2. Too Low: Los Angeles Lakers at No. 23 Just when Royce got done scolding for over-correcting on the Nuggets, there's the Lakers, who dropped 18 spots by virtue of losing a tight one to No. 6 ranked Chicago on Christmas under bizarre late-game circumstances and getting picked off by a hungry Kings team on the second night of the back-to-back. That places Kobe/Pau/company six spots behind the Toronto Raptors and seven spots behind the Charlotte Bobcats. Come on. Maybe the last five years or so should have a touch more bearing than the last 48 hours in weighing the relative merits of these organizations. -- BG
3. Most Overrated: New York Knicks at No. 5. The Knicks took down a wounded Celtics team at home on opening day. They looked solid at times, sure. But is this New York team truly in the class of the NBA? Is it really top five material, with point guards named Toney Douglas and... Toney Douglas? (OK, so I know Mike Bibby is on the team too, but he doesn't count.) The Knicks are a quality squad but there's a burning desire in many to crown them a contender, but I think that's premature. -- RY
4. Most Overlooked: Minnesota Timberwolves at No. 26. I feel like I'm getting ahead of myself here, but after watching the Wolves compete against the top-notch Thunder, I came away impressed. Rick Adelman has made a difference, Ricky Rubio is fun and between Derrick Williams and Kevin Love, there's some real talent there. Minnesota hasn't necessarily done anything to deserve being higher than 26 because you need to actually win to move up. Moral victories don't count. But fourth to last? This Wolves team won't be in the bottom five for long. -- RY
5. Sure Thing: Miami Heat at No. 1. Miami looked so good in routing the Dallas Mavericks on Christmas Day that the general reaction around the league seemed to be to just pretend it didn't happen. Outside of the Oklahoma City Thunder, it's difficult to imagine any NBA team being able to keep pace in a 7-game series, Bulls, Celtics, Clippers and Lakers included. Here's hoping Miami keeps its foot on the gas all season long. The Hated Ones can do some amazing things. -- BG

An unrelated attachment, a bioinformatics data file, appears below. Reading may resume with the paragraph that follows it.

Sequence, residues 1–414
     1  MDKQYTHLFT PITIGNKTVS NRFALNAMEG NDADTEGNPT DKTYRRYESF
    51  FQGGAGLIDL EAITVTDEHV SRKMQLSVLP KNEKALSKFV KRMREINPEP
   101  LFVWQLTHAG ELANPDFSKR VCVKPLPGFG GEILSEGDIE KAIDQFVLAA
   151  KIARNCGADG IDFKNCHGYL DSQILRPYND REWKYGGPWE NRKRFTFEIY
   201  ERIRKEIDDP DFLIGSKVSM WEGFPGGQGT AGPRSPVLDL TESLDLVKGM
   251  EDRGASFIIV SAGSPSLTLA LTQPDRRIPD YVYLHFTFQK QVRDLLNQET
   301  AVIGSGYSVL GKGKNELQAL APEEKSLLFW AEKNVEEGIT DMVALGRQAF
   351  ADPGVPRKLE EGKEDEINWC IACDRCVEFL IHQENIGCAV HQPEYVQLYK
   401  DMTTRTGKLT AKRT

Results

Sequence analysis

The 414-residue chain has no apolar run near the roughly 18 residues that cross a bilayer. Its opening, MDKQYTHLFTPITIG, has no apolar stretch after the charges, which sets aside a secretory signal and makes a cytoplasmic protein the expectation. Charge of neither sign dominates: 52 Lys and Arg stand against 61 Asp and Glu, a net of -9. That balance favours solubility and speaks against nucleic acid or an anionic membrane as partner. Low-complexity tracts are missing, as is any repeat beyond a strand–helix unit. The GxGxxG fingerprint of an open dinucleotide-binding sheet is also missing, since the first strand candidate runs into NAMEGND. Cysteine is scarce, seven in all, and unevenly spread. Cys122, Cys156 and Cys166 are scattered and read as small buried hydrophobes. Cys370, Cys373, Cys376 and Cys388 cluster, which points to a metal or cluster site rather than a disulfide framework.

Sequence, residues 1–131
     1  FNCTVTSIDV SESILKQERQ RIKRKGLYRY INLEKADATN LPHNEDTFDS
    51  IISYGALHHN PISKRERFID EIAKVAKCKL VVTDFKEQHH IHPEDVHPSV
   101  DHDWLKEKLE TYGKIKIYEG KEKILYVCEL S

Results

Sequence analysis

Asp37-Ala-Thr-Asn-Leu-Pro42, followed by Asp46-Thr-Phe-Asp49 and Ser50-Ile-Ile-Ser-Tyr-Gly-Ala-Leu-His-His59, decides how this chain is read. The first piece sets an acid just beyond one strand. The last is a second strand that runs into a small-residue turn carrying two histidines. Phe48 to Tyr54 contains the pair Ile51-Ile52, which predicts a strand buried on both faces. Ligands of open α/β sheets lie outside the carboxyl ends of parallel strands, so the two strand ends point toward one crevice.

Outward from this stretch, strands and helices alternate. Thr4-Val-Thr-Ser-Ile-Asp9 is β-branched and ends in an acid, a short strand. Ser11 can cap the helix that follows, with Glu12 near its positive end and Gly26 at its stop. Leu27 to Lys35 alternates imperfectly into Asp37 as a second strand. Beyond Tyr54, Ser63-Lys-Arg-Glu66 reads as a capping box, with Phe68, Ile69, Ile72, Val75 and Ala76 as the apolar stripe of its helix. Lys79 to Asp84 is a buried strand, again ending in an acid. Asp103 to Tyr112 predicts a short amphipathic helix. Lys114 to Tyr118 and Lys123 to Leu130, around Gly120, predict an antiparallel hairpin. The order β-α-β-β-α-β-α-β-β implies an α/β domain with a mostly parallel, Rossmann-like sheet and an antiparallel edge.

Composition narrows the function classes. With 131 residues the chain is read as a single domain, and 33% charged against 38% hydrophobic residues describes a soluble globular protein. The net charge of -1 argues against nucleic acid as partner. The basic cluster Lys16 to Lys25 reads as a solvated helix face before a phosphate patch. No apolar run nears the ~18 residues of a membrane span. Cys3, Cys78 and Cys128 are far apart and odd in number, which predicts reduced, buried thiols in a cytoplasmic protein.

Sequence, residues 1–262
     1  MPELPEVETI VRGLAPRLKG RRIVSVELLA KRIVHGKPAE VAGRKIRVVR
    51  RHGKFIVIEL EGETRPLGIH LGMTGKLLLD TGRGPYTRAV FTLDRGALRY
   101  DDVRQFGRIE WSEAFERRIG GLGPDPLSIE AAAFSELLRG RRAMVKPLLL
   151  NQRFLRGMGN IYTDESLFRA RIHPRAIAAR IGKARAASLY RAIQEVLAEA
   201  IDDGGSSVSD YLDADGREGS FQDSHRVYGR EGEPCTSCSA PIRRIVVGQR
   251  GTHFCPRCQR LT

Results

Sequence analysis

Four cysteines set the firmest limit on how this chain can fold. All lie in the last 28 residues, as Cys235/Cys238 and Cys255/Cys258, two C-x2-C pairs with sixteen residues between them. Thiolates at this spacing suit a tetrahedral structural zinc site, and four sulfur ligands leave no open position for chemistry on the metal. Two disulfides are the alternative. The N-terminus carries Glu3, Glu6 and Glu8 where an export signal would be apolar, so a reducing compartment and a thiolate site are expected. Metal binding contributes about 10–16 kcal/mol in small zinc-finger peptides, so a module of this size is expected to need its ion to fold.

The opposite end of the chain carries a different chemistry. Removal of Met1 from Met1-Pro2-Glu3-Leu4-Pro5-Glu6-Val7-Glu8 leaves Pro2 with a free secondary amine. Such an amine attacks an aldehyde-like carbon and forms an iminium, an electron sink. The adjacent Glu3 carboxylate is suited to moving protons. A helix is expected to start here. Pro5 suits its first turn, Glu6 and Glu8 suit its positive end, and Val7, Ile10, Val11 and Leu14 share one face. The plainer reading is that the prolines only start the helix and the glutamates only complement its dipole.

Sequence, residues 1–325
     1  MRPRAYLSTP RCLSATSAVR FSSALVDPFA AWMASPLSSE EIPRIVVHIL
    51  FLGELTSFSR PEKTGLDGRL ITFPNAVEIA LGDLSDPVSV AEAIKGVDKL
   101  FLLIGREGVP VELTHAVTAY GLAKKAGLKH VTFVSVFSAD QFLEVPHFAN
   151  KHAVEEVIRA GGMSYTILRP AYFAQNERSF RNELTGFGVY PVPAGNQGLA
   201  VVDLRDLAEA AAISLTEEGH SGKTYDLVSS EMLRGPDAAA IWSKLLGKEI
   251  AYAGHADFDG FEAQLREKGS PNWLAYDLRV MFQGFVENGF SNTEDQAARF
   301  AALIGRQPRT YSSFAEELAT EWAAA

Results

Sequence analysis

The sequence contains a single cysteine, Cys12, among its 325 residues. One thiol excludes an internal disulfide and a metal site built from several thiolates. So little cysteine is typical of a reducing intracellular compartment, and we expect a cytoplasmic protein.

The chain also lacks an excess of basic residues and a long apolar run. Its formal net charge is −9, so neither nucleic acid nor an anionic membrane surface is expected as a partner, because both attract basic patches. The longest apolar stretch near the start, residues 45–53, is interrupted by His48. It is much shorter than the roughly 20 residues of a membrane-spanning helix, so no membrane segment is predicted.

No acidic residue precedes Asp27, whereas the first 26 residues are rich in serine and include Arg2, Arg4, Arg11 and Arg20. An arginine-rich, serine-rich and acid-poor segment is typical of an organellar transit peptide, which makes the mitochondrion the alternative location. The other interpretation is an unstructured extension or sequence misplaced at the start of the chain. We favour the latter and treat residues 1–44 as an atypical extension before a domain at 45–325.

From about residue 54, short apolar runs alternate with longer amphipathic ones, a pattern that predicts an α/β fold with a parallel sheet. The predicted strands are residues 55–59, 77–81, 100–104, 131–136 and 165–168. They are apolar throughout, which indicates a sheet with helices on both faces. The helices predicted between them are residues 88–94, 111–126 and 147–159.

6. Wild Card: Houston Rockets at No. 25. The middle-of-the-pack Western Conference teams are likely headed for a rollercoaster ride on this year's power rankings, and Houston probably gets to be the first poster boy for that phenomenon here. They start near the gutter but still have enough talent to work their way into the top-15 in fairly short order. But would you bet your money on it happening? -- BG
Posted on: December 26, 2011 1:36 am
Edited on: December 26, 2011 11:49 am
Posted by Royce Young
A: Miami HeatHoly Ghost of Christmas Fast Break. It was a total show by the Heat, who basically pummeled the Mavericks in every way possible. Maybe it was motivation, maybe it was a revenge factor or maybe it was just the fact the Heat are the best team in the league, but Miami bulldozed their way over the champs and did it in style. LeBron James showcased his revamped post game, rookie Norris Cole showed exciting flashes, Dwyane Wade was excellent the Heat suffocated the Mavs. If you want a signature opening win, the Heat made an early statement.
B: The NBACliche, boring high mark for the league? You know it. But it's deserving. And not just because there was real basketball to be played after a longer-than-normal offseason. The league gets a good grade because its product looked excellent. For all the talk about shortened training camps and fewer practices, the NBA had two fantastic finishes in New York and Los Angeles, the Heat looked amazing, the Thunder played a quality game and the Clippers and Warriors both were good in the capper. There weren't many moments where the game turned to a total slopfest. The only guy looking that rusty was ref Bill Kennedy, who evidently needs a few more practices.
C: Lob CityIt wasn't showtime or Lob City at all. It was just solid winning basketball. Bor-ing. It's really not fair to give the Clippers an average grade when they went on the road and won by 19 in a tough environment. But for about 40 minutes of the game, Lob City looked a bit mediocre with Chauncey Billups shooting them both in, and out, of the game at times. You saw what makes the Clips so darn good (Chris Paul coming in and completely closing out the Warriors -- he gets an A) and what makes them vulnerable (lack of depth, iffy shot selection and a conflict of roles -- also known as Chauncey Billups, who gets a D). The Clippers are probably more deserving of a B, but I don't think many came away feeling overly impressed by them Sunday.
Kendrick Perkins completely handled Howard. Now I haven't watched Howard up close all that much, but I would say he looked a bit uninterested for stretches in this game. For a player as dominant as him, there's no reason for him to be such a non-factor. Perkins is a really good defender, but Howard didn't affect the game defensively at all.
F: Dallas MavericksThat first game as champs isn't always that easy. There's still a hangover from the champagne that was popped back in June and the banner raising only causes a little relapse. The Mavs had an entirely complacent look to them and it didn't help that they ran into a total buzzsaw in Miami. Still, you'd expect a little more effort in your first crack at defending your title.